Brief Summary Tilarginine Acetate Injection is a new type of drug that temporarily stops the body from making a bodily substance called nitric oxide. The body may produce excess nitric oxide following severe heart damage leading to shock. During a heart attack, and especially after a blocked artery causing the heart attack is reopened, a large amount of nitric oxide is released into the heart muscle and into the blood. Normally small amounts of nitric oxide are good for the heart and blood vessels. However, when released in large amounts, such as during a heart attack, it may be harmful, by adding to the damage of the heart attack and lowering the heart's ability to pump blood to the body. It may cause blood pressure to be lowered and reduce the amount of blood flow to the body's vital organs. This may interfere with the body's organs being able to do their work. If Tilarginine Acetate Injection can stop extra nitric oxide from being made, the performance of the heart and blood flow to the organs may get better, which may result in the improvement of symptoms. The purpose of this study (TRIUMPH) is to investigate the safety and effectiveness of Tilarginine Acetate Injection compared to placebo (an inactive fluid that has no effect on the body but looks exactly like the medication being studied). The study will help determine whether Tilarginine Acetate Injection, by temporarily lowering the amount of nitric oxide released into the vital organs can improve blood pressure and the blood flow to the body's organs.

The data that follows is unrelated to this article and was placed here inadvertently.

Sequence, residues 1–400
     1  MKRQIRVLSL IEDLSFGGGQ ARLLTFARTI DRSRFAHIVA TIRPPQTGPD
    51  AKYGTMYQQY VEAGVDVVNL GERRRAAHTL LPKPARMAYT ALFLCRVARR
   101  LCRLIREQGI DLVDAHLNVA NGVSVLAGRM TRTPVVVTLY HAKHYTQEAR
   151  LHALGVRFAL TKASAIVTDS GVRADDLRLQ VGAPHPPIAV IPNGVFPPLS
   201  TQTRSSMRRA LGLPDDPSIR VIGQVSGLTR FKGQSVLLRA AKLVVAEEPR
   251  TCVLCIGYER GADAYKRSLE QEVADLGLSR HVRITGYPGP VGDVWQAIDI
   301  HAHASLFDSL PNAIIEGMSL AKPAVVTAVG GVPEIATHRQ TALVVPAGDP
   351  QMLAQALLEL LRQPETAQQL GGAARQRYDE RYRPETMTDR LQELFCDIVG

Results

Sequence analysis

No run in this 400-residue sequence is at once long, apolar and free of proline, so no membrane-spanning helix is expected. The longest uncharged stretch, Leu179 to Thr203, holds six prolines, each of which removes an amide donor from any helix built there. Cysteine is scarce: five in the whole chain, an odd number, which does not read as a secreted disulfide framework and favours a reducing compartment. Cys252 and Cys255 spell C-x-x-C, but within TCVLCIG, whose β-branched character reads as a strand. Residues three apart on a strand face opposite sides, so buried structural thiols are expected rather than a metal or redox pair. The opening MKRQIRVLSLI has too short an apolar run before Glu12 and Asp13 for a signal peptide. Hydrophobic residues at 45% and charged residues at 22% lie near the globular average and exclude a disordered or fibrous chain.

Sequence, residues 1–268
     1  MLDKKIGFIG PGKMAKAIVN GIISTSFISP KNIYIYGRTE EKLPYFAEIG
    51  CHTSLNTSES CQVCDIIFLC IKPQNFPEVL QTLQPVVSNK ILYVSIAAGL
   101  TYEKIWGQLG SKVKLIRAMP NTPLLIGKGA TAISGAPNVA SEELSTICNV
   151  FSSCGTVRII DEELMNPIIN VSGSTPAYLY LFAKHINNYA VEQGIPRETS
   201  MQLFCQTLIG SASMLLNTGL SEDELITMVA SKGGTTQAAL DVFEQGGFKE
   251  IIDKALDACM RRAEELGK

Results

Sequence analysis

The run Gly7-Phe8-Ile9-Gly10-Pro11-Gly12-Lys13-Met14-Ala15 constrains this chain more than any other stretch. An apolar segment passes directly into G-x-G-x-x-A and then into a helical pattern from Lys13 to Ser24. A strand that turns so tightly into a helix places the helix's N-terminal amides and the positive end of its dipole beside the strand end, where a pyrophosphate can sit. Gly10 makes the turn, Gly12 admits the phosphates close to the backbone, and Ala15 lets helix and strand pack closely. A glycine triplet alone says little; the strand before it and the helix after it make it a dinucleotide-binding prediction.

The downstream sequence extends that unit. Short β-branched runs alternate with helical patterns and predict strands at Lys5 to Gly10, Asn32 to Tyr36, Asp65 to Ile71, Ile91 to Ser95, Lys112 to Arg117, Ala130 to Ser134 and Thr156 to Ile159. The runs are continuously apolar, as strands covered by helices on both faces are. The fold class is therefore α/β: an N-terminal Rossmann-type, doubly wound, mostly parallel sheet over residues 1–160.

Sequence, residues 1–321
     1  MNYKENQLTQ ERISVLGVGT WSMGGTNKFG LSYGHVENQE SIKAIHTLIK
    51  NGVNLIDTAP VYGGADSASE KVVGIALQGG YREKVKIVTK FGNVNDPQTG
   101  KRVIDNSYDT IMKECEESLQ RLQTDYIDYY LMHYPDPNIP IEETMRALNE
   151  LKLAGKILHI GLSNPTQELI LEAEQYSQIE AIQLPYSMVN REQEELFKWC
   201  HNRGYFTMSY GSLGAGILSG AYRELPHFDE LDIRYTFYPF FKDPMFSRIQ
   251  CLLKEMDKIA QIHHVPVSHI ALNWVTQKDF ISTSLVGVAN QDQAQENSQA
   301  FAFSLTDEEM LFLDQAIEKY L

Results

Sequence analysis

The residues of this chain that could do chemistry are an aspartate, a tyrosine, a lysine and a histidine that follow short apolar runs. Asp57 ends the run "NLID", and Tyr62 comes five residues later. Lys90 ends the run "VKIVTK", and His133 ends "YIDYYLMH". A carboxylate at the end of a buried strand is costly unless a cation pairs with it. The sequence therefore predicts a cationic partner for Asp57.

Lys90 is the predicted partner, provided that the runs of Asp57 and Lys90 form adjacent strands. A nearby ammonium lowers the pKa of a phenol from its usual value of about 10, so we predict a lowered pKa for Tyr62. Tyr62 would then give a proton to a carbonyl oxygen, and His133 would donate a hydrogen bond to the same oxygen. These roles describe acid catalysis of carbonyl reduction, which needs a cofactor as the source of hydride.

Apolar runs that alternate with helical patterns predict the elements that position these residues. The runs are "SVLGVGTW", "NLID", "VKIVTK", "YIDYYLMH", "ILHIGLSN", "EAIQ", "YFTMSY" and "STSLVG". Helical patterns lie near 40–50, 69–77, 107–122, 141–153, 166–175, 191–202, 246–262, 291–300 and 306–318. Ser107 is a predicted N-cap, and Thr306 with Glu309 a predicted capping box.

Detailed Description An estimated 120,000 to 160,000 patients annually are diagnosed with cardiogenic shock (CS) in North America and Europe. CS complicates approximately 5-14% of all cases of acute myocardial infarction (AMI) and is the most common cause of death in patients hospitalized with AMI. Cardiogenic shock developing during the course of AMI is the end result of a pathophysiological cycle secondary to a sudden and significant decrease in cardiac contractility due to infarction, ischemia, and stunning of large myocardial segments. It is not anticipated that further advances in reperfusion or revascularization therapy will have a significant additional impact on survival in patients with CS. Modalities that protect the myocardium during ischemia and reperfusion are likely to be the next major advance in improving outcome in the setting of acute myocardial infarction (MI), especially in patients with large infarcts complicated by shock. Preliminary studies investigating nitric oxide synthase (NOS) inhibition suggest that improvements in cardiovascular function and survival are possible by limiting formation of toxic NO. The primary objective of the TRIUMPH study is to establish the efficacy of Tilarginine Acetate Injection compared to placebo in reducing all cause mortality at 30 days post randomization in patients with cardiogenic shock complicating acute myocardial infarction (MI). Safety objectives of this study include an evaluation of adverse events and serious adverse events, and key laboratory parameters.